Though Graham Greene and John le Carre are under no threat from Clarke, he does demonstrate a flair for action fiction. His almost three-decade background in intelligence and counterterrorism serves him exceptionally well when he narrates a hair-raising Special Ops assault to prevent Qods Forces from detonating a giant liquid natural gas tanker at a U.S. naval base in Bahrain. He is equally persuasive in his account of Douglas's clandestine meetings in Tehran and MacIntyre's penetration of the security center of the Islamyah government in Riyadh. And his description of a naval engagement between the U.S. and Chinese fleets reveals a professional understanding of modern weapons systems, forces and military operations.

Less successful is Clarke's handling of personal relations, particularly MacIntyre's superfluous marriage and his irrelevant affair with the reporter Delmarco. His dialogue also needs work. "Well, sir," says a young staffer to MacIntyre, "you told us at the off-site that intelligence analysis was 'literally looking for needles in haystacks. The trick is looking in the right haystack,' " and so forth. Too many discussions among the characters are didactic and stilted, used to provide historical background, political rhetoric and argumentation. "We will continue to be slaves of our own oil," says one 'good' Islamyah operative, "able to do nothing but watch as what Allah put in the ground comes out of it. And the money we get from it will continue to be wasted in supposedly 'religious' follies. We are not a country, we are an oil deposit! And if that is all we are, others will come, the scorpions will come for their food, their precious black liquid." Here Clarke could learn from the masters; Greene and le Carre's genius lies in subtlety of mood and context, as well as reliance on the reader's sophistication.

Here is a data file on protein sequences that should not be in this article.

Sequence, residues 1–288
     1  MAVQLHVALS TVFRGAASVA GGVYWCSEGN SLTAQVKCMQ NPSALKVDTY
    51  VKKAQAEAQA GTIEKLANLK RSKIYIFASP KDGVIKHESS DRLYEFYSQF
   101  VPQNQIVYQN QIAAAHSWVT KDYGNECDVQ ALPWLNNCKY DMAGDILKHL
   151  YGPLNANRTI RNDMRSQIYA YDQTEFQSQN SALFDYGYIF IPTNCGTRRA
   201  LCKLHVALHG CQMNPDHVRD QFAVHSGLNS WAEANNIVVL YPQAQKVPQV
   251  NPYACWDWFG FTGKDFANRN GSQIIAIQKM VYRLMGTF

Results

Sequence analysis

Clarke, by contrast, uses dialogue to settle some scores and register his political convictions. "The Americans!" spits Abdullah Rashid, the head of Islamyah's intelligence service. "The Americans think democracy solves everything. It took them over a hundred years to allow all their people to vote, the poor, women, the blacks. . . . They waste so much time and fortune in their elections. . . . We overthrew hereditary rule here. They still have it: fathers followed by sons, wives seeking to replace husbands." And Clarke lets us know where he stands on Iraq: "Everyone thought they had WMD," says MacIntyre. "But with us gone, it's still a mess. The Shi'a aren't going to be able to put down that Sunni insurgency. It's been going on for years and no sign of letting up."